Special Assets Law–What is Judicial Reference?

In 2005, the California Supreme Court overruled the practice of including waivers of the right to a trial by jury in commercial agreements and loan documents before a lawsuit has been filed. For many years, sophisticated commercial businesses and institutional lenders included a clause in their agreements providing that the parties waive the right to a jury trial. A jury trial waiver authorizes a judge to try the case without a jury, resulting in a speedier, less costly trial and avoiding the possibility of jury prejudice against banks and institutional lenders.

Approved Alternatives to Jury Trial Waivers.
Fortunately, the Supreme Court did not leave parties to commercial contracts and loan documents without an alternative to a jury trial. The Supreme Court specifically noted that California statutes authorize alternatives, including arbitration and referral to a referee.

Arbitration. Arbitration is a familiar process. The parties agree to select one or more persons to act as arbitrators to decide a dispute. Although arbitration has many favorable qualities, in commercial cases, concerns are often raised because arbitrators are not always required to follow the law, there is no right of appeal and timetables that might otherwise be enforceable in a court proceeding can drag out, thus delaying the ultimate decision and increasing costs.

Reference. The other approach expressly approved by the Supreme Court involves the referral to a court-appointed “referee.” Under Section 638 of the California Code of Civil Procedure, a court is empowered to transfer a dispute to a referee upon the agreement of the parties. Section 638 expressly provides that a contract, agreement or lease made before a lawsuit has been filed can require that any controversy arising out of that contract or lease shall be heard by a referee.

The reference procedure is similar to that of arbitration in that one party to a contract or lease files a lawsuit to compel the resolution of the matter by referral to a referee. The court then appoints the referee who acts as decision-maker. Typically, the contract requires the referee to be a former judge. The advantage of using the referral procedure is that the referee must follow the law and the decision rendered by the referee will become a judgment that can be enforced and appealed.

Review Your Contracts, Leases and Loan Agreements.
Many existing loan documents, contracts and leases now contain jury waiver clauses that are no longer enforceable. We recommend that clients change these provisions in each and every one of their contracts, leases and loan agreements, particularly those that come up for renewal or need amendment.

While arbitration may be the best method of dispute resolution in certain circumstances, our experience at JMBM is that the referral process is a better choice in most commercial cases. This is particularly true where provisional remedies such as injunctions, claim and delivery, attachment and the appointment of a receiver are desirable.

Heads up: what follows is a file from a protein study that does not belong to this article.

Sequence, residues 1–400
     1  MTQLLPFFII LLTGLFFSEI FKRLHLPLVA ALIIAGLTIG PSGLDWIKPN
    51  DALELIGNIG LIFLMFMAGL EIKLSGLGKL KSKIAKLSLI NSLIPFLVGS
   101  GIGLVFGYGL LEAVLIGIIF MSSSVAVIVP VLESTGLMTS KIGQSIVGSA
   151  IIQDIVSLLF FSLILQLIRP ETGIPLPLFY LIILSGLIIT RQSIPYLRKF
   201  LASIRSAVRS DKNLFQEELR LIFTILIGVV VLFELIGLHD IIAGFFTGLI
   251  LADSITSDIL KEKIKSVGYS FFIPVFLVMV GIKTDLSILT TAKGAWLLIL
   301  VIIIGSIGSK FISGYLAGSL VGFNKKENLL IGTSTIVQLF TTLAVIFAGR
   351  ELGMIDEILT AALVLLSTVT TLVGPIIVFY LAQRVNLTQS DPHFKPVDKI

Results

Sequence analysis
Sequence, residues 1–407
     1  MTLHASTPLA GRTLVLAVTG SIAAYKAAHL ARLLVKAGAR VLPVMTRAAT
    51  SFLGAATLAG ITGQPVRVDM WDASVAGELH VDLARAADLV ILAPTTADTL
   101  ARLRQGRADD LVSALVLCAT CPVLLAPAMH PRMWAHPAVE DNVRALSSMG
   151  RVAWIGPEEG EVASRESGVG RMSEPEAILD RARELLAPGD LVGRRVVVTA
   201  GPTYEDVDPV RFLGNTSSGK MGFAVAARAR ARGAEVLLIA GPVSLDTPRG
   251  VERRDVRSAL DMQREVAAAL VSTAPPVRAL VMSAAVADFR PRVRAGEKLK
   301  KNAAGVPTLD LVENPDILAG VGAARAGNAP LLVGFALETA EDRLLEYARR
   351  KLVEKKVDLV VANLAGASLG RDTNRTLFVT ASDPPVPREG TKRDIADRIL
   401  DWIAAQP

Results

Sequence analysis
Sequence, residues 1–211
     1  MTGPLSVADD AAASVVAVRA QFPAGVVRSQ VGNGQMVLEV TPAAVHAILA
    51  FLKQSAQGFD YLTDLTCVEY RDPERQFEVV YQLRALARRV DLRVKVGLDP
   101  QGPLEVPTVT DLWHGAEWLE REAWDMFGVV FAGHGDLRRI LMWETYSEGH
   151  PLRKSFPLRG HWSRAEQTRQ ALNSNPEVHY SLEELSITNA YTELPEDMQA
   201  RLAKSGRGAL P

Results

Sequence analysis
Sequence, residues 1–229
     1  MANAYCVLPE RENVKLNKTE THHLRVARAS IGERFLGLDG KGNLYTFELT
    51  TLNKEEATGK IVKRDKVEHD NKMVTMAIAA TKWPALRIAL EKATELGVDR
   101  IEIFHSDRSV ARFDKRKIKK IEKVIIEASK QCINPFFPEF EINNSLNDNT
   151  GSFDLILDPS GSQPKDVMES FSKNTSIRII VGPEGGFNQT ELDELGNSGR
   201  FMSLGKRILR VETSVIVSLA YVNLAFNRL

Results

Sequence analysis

The JMBM Special Assets Team™ has successfully invoked the judicial reference clause many times. We understand how to put this valuable tool to work for you immediately.

JMBM has also developed standardized clauses that address alternative dispute resolution –whether by arbitration or by judicial referral — that can be readily inserted into new agreements or inserted into existing agreements that are being amended. Please contact JMBM if you have any questions or need assistance in making certain that your new or existing agreements and forms are in compliance.

This is Dick Rogan, bank lawyer and author of www.SpecialAssetsLawyer.com, signing off for now. Join us again soon to check out what’s new in the World of Workouts.

Year after year, day after day, workout professionals in the know rely on JMBM’s Special Assets Team™ to handle problem commercial and real estate loans. Whatever problem loans you have, chances are, we’ve seen it. Give us a call.

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Our Perspective. JMBM represents commercial banks, special servicers, private lenders, asset-based lenders, hard money lenders and factors. We help lender clients throughout the United States craft business and legal solutions to their commercial and real estate troubled loans. For more information, please contact Dick Rogan at RRogan@JMBM.com, or (415) 398-8080.

Richard A. Rogan is Chair of the JMBM Special Assets Team™. He also serves as the co-managing partner of JMBM’s San Francisco office and co-chair of its Bankruptcy Practice Group.

JMBM’s Special Assets Team™ has represented hundreds of lenders in California and throughout the United States. We regularly appear in bankruptcy courts, district courts and superior courts. We are proud to serve as trusted counsel and advisors who look for a business solution and try to help lenders find the best possible resolution for each troubled loan. Whether a loan is being newly documented, restructured or litigated, JMBM’s Special Assets Team™ has the skill, know-how and experience to solve your problem in a practical no-nonsense way.

NOTE TO CONSUMERS: As a matter of Firm policy, JMBM does not represent individual consumers who have disputes with their lenders. Many lenders have specialized consumer workout professionals who have the time to help consumer borrowers. There are many fine attorneys who specialize in representing consumers. Individuals with consumer lending problems should contact a lawyer or law firm who specializes in consumer insolvency and bankruptcy in their local area. When in doubt, we suggest you contact your local bar association’s Lawyer Referral Service. [For example, see Bar Association of SF or LA County Bar Association Lawyer Referral Services]

JMBM does not provide legal advice to consumers, and cannot respond to consumer inquiries.